More specifically,'the frequency of the signal handled by the switch is preferably above the self-resonant frequency of the inductors 38 and 40. The inductors thus behave as capacitors at the signal frequency while providing the desired D.-C. paths to ground. The resultant capacitive loading within the switch aids in approximating characteristics of the transmission lines connected to the switch terminals.
It will thus be seen that the objects set forth above, among those made apparent from the preceding description, are efficiently attained, and, since certain changes may be made in the above constructions without departing from the scope of the invention, it is intended that all matter contained in the above description or shown in the accompanying drawings shall be interpreted as illustrative and not in a limiting sense.
It is also to be understood that the following claims are intended to cover all of the generic and specific features of the invention herein described, and all statements of the scope of the invention, which, as a matter of language, might be said to fall therebetween.
What is claimed is:
1. A high frequency switch comprising:
(a) first, second and third terminals,
(b) first and second diodes connected in series between said first and second terminals and connected together at a junction,
(c) said first and second diodes having the same direction of conduction with respect to said junction,
(d) a third diode,
(e) a first resistor in series with said third diode between said junction and said third terminal,
(f) the direction of conduction of said third diode with respect to said junction being opposite to that of said first and second diodes,
(g) a first capacitor in parallel with said first resistor and having an impedance substantially less than the impedance of said first resistor at the frequency of the signals transmitted by said switch,
(It) a second resistor connected between said junction and a fourth terminal,
(i) a voltage source,
(j) means for applying voltage from said source to said third and fourth terminals alternatively in opposite polarities,
(k) a second capacitor connected between said junction and said third terminal,
(I) a first inductor connected between said first terminal and said third terminal,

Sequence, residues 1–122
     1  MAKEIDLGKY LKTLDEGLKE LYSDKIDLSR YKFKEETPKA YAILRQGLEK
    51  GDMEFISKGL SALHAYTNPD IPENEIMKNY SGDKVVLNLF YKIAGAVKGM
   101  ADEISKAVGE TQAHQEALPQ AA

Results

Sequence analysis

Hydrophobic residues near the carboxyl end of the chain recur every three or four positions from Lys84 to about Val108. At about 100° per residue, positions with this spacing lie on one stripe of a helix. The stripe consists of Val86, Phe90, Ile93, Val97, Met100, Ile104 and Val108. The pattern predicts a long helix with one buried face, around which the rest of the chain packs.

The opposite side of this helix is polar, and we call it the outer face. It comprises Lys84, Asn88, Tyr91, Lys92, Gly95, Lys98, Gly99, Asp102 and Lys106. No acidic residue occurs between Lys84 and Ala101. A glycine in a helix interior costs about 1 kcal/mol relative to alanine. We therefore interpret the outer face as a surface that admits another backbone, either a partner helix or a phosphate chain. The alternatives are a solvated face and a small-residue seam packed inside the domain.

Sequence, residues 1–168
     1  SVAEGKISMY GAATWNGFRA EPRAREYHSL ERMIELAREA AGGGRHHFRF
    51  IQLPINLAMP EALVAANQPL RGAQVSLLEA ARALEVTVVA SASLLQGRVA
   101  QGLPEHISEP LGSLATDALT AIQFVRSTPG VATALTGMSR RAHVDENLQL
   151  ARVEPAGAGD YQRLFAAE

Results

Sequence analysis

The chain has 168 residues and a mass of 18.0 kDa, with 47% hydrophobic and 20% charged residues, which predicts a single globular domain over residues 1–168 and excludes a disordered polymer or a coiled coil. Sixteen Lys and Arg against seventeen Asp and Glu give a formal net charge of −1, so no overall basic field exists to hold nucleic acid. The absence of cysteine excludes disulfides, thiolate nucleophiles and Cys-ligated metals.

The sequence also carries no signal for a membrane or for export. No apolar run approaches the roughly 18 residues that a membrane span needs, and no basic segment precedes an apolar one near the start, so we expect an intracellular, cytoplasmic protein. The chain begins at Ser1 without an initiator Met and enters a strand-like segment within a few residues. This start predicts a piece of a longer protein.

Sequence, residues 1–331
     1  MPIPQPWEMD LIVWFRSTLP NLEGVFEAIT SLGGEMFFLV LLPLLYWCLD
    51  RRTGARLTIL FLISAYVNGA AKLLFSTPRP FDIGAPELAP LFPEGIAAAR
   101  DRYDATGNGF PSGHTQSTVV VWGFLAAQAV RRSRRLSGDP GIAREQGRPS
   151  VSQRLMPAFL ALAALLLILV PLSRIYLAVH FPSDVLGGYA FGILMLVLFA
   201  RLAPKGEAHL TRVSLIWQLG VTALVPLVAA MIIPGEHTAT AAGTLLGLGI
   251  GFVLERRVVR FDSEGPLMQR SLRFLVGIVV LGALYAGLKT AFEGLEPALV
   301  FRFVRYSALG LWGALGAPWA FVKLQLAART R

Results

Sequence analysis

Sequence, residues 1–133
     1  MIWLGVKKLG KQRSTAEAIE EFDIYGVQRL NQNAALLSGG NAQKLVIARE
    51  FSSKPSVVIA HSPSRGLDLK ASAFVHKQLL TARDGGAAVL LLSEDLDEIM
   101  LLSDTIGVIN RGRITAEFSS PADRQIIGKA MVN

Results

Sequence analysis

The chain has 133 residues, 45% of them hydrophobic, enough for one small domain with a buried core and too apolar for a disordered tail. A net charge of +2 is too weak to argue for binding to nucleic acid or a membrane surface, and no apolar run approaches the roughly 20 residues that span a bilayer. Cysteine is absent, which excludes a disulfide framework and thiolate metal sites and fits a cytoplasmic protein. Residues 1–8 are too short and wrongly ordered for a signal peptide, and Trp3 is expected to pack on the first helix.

(m) a second inductor connected between said second terminal and said third terminal.
2. A multiple section switch comprising:
(a) a first terminal,
(b) a plurality of second terminals,
(0) switch sections connected between said first terminal and the respective second terminals,
(d) each of said switch sections comprising:
(1) first and second diodes connected in series be tween said first terminal and the second terminal connected to said section,
(2) each of said first and second diodes conducting in the same direction with respect to said junction,
(3) a third diode,
(4) a first resistor in series with said third diodes between said junction and a third terminal,
(5) the direction of conduction of said third diode with respect to said junction being opposite to that of said first and second diodes,
(6) a capacitor in parallel with said first resistor and having a substantially lower impedance than said first resistor at the frequency transmitted by said switch,
(7) a second resistor connected between said junction and a fourth terminal,
(e) a voltage source,
(1) switching means for applying voltage from said source to the third and fourth terminals of the respective sections with variable predetermined polarities.
3. The combination defined in claim 2 in which said third terminals are connected together and including an inductor connected between said first terminal and said third terminals.
4. The combination defined in claim 3 including an inductor connected between each of said second terminals and said third terminals.
References Cited in the file of this patent UNITED STATES PATENTS 2,535,303 1 Lewis Dec. 26, 1950 2,576,026 Meacham Nov. 20, 1951 2,782,307 Von Silvers et a1 Feb. 19, 1957
|Cited Patent||Filing date||Publication date||Applicant||Title|
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|Citing Patent||Filing date||Publication date||Applicant||Title|
|US3296457 *||Oct 14, 1963||Jan 3, 1967||Sanders Associates Inc||Matched single pole single throw diode microwave switch|
|US3350706 *||Apr 6, 1964||Oct 31, 1967||Burroughs Corp||Translator|
|US3374364 *||Sep 22, 1965||Mar 19, 1968||Amphenol Corp||Diode transfer switch|
|US3454791 *||Jan 11, 1966||Jul 8, 1969||Us Navy||Radio frequency switch circuit with high decibel isolation|
|US3600677 *||Mar 26, 1969||Aug 17, 1971||Iwatsu Electric Co Ltd||Wide band gate circuits with feedback circuits|
|US3657567 *||Jun 10, 1970||Apr 18, 1972||Beltone Electronics Corp||Signal gating circuit|
|US3737680 *||Jun 24, 1971||Jun 5, 1973||Iwatsu Electric Co Ltd||Gate circuit|
|US4058770 *||Sep 17, 1975||Nov 15, 1977||Communications Patents Limited||Solid state subscriber selection switches for wired broadcasting systems|
|US4282447 *||Sep 21, 1978||Aug 4, 1981||U.S. Philips Corporation||Signal buffer circuit arrangement|
|US4472691 *||Jun 1, 1982||Sep 18, 1984||Rca Corporation||Power divider/combiner circuit as for use in a switching matrix|
|US4486723 *||Jan 6, 1983||Dec 4, 1984||Rca Corporation||Diode switching system for a selectable impedance matching network|
|US4556808 *||Jun 3, 1982||Dec 3, 1985||Texas Instruments Incorporated||Microwave monolithic spot FET switch configuration|
|U.S. Classification||327/407, 327/493|
|International Classification||H03K17/51, H03K17/74|